Don’t use ‘technicalese’ and stay strategic.
“The best practical advice I can give to people pitching to boards is that you want to not speak in technicalese,” says Lee Wetherington, director of strategic insight for ProfitStars, a division of Jack Henry & Associates, Monett, Mo.
Too often, he says, IT people give in to the temptation to show just how smart they are.
“Get over yourself,” Wetherington urges them. “Talk in terms of gain or loss for the credit union. ‘If we don’t do this, we will lose X or we will gain Y.’ Tell the board how the gain aligns with strategic priorities. It’s Presentation Skills 101. If you’re thinking, ‘I’m going to bedazzle the audience,’ then you’ve lost them.”
He adds: “Be sure to manage the expectations of the board going in: how much time you will need to present and defend the large tech purchase; stick to the start and end times you agree upon. For presenters, the first five minutes of the presentation is the most important. That’s when the board’s attention is at its peak. Don’t waste those first precious minutes on pleasantries or regurgitation of information the board already knows. You’ll lose them quickly.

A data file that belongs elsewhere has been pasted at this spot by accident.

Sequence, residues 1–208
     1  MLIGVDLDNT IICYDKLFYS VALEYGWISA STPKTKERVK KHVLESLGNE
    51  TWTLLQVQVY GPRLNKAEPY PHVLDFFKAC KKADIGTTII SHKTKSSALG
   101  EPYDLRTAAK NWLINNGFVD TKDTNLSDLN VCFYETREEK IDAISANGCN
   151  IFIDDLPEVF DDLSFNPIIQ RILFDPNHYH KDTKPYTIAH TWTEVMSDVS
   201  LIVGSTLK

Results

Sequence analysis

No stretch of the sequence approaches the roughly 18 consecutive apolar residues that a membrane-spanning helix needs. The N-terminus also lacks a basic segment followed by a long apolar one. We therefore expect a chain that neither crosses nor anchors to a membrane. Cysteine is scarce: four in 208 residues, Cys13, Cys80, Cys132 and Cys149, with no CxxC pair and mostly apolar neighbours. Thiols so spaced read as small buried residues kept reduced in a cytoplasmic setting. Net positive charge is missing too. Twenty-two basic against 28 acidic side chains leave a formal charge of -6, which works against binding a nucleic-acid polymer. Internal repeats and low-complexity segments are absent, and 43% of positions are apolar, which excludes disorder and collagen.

“Use visuals and stories instead of charts and data dumps. If you use a visual to prompt a story about how an average member will benefit, i.e., how member experience will improve or how new members will be drawn in, these are always more effective than mind-numbing charts and stats.”
Understand your audience, advises Jim Benlein, CISA, CISM, CRISC, principal at KGS Consulting, Silverdale, Wash. “The board is looking for the business perspective of what’s going on, not the IT perspective.”
Charlene Komar Storey is a veteran credit union writer based in New Jersey.